Like all others before and since, Chamine’s peers discovered that they were certainly no better – and probably no worse – than their classmates. More important, they learned a lot about themselves…especially after they left campus. “It is harder to see the more gradual internal changes in terms of your personality, confidence and attitude,” Chamine wrote. “These internal changes, I believe, are much more important than the specific academics you learn. Most people end up realizing how much they have changed only when they start their summer jobs… We tend to forget that the GSB is a very unusual place, with extremely high standards. After a year here, these standards will become internalized in you.”
Chamine’s first year also left an indelible mark. His letter would foreshadow what he ultimately became: a writer, and teacher. He founded CTI, the largest coach-training organization in the world, and authored the best-seller Positive Intelligence. Occasionally, he returns to Stanford to teach.
Among business students, his letter is how he’ll ultimately be remembered. Written by a man who’d put his baggage behind him, it reminds students not to take schooling – or their classmates – for granted. As Chamine wrote early in his letter, “Welcome to the GSB. This will probably be the most memorable and fruitful year of your life.”
Here are some of the key points that Chamine makes in his letter:
Academics: “Most of us come in here as perfectionists and feel very uncomfortable doing a so-so job on anything. The sooner you give up this habit, the happier you will be. You can spend your hour on carefully reading an article. Or, you can spend it on skimming five articles. Or, you can it spend it on skimming three articles and getting to know a classmate a little better in the spare time. I tried all three of these methods but my own preference is for the latter.”
What Really Matters: “A study of GSB graduates of about 20 years ago tried to find factors correlating with future business success (measured, arguably, in current salary). It found the factor most closely related to success to be sociability, not grades or thoroughness. My own experience has been that most of the minute details taught in GSB courses will never be used. It is the general understanding of the basic material that counts…It is therefore best to take the fullest advantage of the GSB’s grade policy. To get a P [Pass], you often only need to know half of the material covered. By focusing only on what you personally want to get out of each course, you free up time for other things.”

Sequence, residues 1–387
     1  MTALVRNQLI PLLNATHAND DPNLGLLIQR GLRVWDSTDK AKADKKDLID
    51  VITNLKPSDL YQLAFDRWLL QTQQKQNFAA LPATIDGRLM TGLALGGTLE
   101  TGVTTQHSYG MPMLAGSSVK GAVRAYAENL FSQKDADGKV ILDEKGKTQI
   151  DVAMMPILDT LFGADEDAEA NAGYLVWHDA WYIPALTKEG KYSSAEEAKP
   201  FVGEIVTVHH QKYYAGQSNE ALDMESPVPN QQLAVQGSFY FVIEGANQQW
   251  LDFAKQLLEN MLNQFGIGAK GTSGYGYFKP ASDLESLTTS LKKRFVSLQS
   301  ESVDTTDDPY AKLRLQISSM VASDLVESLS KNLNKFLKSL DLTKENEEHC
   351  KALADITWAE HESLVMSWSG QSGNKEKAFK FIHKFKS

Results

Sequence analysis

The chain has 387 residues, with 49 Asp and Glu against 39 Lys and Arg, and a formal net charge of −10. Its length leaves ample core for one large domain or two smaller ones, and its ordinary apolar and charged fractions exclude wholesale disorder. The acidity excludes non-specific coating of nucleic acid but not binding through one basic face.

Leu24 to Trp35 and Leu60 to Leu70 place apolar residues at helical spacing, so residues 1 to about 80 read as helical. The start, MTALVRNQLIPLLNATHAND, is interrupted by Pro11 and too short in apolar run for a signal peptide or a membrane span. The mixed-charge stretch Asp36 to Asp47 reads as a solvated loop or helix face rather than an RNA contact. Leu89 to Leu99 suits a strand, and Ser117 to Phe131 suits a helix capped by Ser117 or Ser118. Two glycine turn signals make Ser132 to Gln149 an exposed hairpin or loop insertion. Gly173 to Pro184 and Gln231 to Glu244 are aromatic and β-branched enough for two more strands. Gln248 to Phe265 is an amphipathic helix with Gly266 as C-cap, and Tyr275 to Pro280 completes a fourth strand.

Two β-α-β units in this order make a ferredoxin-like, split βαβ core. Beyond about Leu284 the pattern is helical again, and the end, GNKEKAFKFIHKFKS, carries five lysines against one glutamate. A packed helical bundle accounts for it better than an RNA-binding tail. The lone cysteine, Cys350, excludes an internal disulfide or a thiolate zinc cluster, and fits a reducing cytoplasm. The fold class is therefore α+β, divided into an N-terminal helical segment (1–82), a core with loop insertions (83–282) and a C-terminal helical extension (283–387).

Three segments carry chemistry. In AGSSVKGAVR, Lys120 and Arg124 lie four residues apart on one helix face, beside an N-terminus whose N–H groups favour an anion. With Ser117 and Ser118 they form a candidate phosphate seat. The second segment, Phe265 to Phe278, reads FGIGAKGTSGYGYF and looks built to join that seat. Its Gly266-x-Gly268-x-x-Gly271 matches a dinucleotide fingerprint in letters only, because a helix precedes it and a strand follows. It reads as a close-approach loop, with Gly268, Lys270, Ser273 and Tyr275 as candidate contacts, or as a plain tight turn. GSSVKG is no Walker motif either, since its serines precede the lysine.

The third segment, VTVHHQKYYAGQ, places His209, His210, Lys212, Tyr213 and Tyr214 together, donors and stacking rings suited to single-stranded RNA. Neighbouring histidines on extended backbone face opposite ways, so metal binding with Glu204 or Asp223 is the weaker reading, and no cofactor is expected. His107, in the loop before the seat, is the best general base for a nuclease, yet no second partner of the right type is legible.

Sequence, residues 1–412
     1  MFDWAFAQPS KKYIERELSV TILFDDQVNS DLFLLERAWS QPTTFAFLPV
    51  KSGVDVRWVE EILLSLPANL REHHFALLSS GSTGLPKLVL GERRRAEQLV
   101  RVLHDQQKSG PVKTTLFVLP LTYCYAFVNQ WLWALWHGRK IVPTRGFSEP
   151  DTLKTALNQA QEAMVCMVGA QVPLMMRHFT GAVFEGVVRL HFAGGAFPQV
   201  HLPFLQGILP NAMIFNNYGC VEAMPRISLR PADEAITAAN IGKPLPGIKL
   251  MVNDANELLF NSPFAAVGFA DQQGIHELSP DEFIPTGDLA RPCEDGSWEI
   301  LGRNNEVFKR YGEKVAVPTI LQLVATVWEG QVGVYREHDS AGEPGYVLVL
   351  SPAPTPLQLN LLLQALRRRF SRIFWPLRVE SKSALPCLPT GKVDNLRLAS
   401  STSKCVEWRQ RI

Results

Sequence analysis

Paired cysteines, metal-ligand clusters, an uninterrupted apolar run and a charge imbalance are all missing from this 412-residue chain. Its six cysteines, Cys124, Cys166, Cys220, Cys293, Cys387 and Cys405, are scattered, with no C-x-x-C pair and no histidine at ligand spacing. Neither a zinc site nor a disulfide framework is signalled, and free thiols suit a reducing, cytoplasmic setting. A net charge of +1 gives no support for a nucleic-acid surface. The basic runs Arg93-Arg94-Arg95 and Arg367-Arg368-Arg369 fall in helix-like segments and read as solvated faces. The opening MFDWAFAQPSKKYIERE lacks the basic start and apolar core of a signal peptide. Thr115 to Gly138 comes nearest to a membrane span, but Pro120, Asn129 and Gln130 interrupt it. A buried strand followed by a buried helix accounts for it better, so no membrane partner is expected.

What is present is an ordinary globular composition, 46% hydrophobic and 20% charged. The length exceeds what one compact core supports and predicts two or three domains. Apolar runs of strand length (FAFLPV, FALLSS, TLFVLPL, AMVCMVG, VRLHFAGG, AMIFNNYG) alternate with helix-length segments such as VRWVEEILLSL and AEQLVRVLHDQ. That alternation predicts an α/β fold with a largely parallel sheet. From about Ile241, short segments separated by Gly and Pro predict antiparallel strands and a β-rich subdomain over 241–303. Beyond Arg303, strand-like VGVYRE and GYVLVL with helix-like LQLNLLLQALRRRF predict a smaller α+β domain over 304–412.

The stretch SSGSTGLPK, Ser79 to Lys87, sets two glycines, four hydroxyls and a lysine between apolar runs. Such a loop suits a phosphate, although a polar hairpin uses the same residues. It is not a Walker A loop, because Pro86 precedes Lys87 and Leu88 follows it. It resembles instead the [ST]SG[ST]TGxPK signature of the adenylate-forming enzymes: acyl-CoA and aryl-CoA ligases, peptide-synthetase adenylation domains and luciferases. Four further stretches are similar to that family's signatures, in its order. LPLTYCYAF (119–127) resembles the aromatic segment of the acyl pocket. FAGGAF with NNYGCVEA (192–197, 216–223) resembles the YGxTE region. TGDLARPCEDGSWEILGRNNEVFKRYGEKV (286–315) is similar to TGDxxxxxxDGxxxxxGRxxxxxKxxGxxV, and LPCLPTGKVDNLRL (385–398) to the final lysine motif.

Keeping Your Perspective: “…some of us had a lot of fun working hard, some of us were miserable at it. What made the difference was our perspective. If you work hard because you have to, because you are afraid of not passing, because an ugly monster in your nightmares keeps reminding you that the world will come to an end if you don’t pass, you can easily resent the experience…But if you constantly remind yourself that passing is not the issue, that you are here because you want to learn and grow, then your experiences will be much more enjoyable.”
On Poet Classmates: “I envy the experience of some of my poet classmates who were challenged the most last year. They climbed a taller mountain than the rest of us did. They learned more and grew more.”
The Dangers of Groupthink: “I have a lot of respect for most of my 300 classmates. But I think as a group we were often unwise and immature. Keep reminding yourself that just because everyone else is doing something, it doesn’t mean it is right for you. I experimented with going against the mass psychology many times and gained more confidence as time went on…You don’t need to be in a study group, you don’t need to turn in every homework, you don’t have to appear bubbly and social all the time, you don’t have to interview with investment banks and consultants, you don’t need to be conservative and safe in class discussions, you don’t need to hide your sensitivity, confusion or vulnerability.
It is ironic how many of us come here with a strong sense of individualism and then end up conforming to the enormous pressure of group norms. I think part of it is because we respect our classmates too much to believe that as a group they could act stupid. We also respect them too much to not need their approval.”